Dog Joint Pain: Avoid These Foods!
Dog joint pain comes from many different issues. Without understanding and controlling the problem, your dog could become increasingly immobile, lethargic and unhealthy. Working closely with your veterinarian helps identify the underlying cause of joint pain. Getting a proper diagnosis allows you to build a program to reduce the impact of joint pain on a long and healthy life for your dog.
Common Causes of Joint Pain in Dogs
Here is a list of the most common dog health issues that cause joint pain:
Genetics Create Predisposition
Dog breeds with a predisposition to rheumatoid arthritis or osteoarthritis are more likely to develop one of these health conditions resulting in joint pain. Large dog breeds such as German Shepherds may have a genetic predisposition to hip dysplasia that even skips a generation. Some small dogs and toy breeds are genetically inclined to get rheumatoid arthritis.
Working with your veterinarian to diagnose and mitigate pain or stiffness from genetic arthritic conditions is a top priority for dogs likely to develop these types of joint problems. Chronic pain is something that isn’t always completely eliminated but can be alleviated.
Overweight or Obese Dogs
Like humans, dog joint pain might not be arthritic. It is often directly related to being overweight. Obesity is one of the leading factors for joint problems as well as other health problems in dogs. Everything from hip dysplasia and elbow dysplasia are adversely affected by carrying extra pounds. While one or two pounds might not be significant in humans, a small dog that should only weight 10 pounds could be 10 percent overweight with one extra pound. All that weight is added stress to the joints.
Dog Joint Stress from Activities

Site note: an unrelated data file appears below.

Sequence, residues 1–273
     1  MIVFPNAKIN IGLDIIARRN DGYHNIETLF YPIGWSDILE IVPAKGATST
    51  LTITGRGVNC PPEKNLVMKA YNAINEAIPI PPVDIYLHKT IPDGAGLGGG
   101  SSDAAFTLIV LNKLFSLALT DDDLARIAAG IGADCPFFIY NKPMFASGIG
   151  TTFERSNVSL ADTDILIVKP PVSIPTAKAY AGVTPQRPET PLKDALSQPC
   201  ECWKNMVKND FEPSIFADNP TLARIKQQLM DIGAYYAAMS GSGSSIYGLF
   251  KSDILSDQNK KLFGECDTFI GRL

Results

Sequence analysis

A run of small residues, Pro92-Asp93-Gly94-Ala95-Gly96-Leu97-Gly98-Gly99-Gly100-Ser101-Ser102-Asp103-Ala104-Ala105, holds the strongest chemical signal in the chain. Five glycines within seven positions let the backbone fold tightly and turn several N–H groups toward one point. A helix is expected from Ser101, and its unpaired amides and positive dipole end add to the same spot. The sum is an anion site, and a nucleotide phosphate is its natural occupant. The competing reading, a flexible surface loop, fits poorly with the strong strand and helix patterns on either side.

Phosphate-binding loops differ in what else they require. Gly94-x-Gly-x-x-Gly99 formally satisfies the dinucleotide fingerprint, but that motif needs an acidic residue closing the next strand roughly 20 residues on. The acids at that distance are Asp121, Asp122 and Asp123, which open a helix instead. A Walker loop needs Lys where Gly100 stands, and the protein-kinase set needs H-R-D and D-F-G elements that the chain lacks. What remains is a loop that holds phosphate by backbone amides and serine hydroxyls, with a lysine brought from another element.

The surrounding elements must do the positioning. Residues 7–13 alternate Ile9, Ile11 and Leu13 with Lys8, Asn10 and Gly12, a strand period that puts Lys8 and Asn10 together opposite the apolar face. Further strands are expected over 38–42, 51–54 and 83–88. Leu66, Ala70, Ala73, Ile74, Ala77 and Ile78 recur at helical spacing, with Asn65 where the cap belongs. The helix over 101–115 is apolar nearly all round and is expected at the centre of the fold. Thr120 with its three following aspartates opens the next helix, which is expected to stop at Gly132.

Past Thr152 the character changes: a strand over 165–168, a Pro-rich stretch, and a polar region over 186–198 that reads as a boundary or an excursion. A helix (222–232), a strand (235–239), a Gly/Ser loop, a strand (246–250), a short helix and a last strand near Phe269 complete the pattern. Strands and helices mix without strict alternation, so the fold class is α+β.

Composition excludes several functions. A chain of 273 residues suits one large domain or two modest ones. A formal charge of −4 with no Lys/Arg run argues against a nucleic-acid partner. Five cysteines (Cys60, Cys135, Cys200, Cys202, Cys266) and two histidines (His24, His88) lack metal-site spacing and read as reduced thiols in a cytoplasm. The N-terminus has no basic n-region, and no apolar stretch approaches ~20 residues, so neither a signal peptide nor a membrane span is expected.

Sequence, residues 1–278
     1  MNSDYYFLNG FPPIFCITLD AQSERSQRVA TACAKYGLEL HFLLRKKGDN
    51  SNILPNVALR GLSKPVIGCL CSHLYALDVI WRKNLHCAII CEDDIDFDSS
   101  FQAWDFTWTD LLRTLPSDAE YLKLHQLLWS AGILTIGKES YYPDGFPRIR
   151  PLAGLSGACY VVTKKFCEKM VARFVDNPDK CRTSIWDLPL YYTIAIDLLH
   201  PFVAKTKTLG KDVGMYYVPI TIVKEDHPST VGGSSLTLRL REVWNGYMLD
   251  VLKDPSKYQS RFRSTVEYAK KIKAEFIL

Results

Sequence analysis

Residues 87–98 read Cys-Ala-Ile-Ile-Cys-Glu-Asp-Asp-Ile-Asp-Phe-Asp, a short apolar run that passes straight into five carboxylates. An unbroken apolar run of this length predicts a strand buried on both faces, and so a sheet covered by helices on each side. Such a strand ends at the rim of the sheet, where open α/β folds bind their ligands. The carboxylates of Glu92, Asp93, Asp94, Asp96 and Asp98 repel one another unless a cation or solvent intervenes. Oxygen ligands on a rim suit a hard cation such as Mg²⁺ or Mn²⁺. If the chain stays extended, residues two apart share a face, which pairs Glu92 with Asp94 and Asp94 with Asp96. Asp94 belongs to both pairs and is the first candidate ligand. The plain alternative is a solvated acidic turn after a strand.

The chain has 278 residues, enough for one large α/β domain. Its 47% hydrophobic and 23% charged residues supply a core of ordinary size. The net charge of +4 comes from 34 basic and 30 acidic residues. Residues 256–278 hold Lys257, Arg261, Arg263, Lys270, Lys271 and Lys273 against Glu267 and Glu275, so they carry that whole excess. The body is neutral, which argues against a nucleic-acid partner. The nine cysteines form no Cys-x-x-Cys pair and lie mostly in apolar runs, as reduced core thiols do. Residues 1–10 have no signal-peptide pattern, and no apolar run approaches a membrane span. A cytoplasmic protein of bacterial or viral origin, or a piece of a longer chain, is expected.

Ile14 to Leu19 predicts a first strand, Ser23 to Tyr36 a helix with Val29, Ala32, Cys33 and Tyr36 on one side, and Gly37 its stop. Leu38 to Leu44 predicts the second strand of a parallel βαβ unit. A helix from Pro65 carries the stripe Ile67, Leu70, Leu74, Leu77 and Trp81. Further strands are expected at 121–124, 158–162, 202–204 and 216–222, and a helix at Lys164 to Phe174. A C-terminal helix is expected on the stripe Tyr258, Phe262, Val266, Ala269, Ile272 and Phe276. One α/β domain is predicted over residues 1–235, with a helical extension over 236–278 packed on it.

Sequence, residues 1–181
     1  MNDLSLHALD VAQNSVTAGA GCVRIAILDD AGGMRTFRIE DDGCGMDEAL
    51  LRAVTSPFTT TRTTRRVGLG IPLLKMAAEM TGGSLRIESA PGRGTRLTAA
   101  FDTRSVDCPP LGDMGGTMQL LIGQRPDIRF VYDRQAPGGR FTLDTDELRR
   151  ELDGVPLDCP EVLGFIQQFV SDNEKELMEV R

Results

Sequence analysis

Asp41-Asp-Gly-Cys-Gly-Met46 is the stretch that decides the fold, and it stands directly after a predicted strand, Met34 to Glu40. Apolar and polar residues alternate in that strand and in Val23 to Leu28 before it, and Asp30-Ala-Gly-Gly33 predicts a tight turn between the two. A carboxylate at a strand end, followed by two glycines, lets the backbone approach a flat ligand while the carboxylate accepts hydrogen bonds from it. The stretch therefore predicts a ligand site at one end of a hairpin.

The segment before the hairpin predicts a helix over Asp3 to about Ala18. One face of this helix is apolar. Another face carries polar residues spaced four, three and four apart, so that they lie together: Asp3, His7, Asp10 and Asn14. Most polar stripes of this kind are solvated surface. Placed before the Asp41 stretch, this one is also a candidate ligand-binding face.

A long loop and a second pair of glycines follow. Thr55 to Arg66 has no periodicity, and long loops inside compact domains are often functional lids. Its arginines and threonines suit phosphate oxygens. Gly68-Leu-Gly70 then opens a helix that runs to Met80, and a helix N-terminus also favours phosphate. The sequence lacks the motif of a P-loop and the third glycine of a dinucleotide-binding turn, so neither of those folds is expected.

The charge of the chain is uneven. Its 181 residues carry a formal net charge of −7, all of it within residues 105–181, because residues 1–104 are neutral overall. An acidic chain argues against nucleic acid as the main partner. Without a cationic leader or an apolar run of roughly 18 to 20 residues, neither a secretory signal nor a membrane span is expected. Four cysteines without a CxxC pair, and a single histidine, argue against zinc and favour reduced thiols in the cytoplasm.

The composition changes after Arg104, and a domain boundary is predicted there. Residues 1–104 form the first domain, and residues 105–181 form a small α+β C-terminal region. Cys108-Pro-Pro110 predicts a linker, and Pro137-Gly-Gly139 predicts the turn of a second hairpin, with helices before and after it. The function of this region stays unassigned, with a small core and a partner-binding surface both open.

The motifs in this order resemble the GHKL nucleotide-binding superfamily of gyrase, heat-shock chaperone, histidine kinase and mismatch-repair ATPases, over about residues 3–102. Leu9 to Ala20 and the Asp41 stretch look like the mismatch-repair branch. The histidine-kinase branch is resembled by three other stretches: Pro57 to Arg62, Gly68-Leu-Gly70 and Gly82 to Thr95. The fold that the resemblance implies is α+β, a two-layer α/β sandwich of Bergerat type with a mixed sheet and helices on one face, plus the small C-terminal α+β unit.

Exercise and activity are supposed to be good for our canine companions. The problem is some activities can lead to serious joint health issues. Accidents or extended strenuous activities could lead to stress fractures. Long-term wear and tear from vigorous training such as agility training, hunting, hiking rough terrain and other high-stress exercises can lead to degeneration of ligaments and joint tissues. This contributes to conditions such as a luxating patella leading to joint pain.
Scurvy in Dogs
Scurvy isn’t just for pirates; dogs can get scurvy from a Vitamin C deficiency. This is particularly a problem for dogs with or prone to rheumatoid arthritis. Vitamin C helps to synthesize collagen in the joints. A lack of this vitamin means less naturally metabolized collagen that leads to arthritic pain. Vitamin C levels drop when dogs get sick or experience extreme stress like moving to a new home or the loss of a loved one.
Dog Septic Arthritis
Septic arthritis is actually caused by a bacterial infection in a dog’s body. With the infection comes inflammation of the joint; joint fluid increases. This is often the result of an injury or trauma that is left untreated allowing an infection to set in. Heat is felt when putting your hand on your dog’s joint if there is a bacterial infection or septic arthritis. Antibiotics should effectively treat health problems like this.
Cancer in Dogs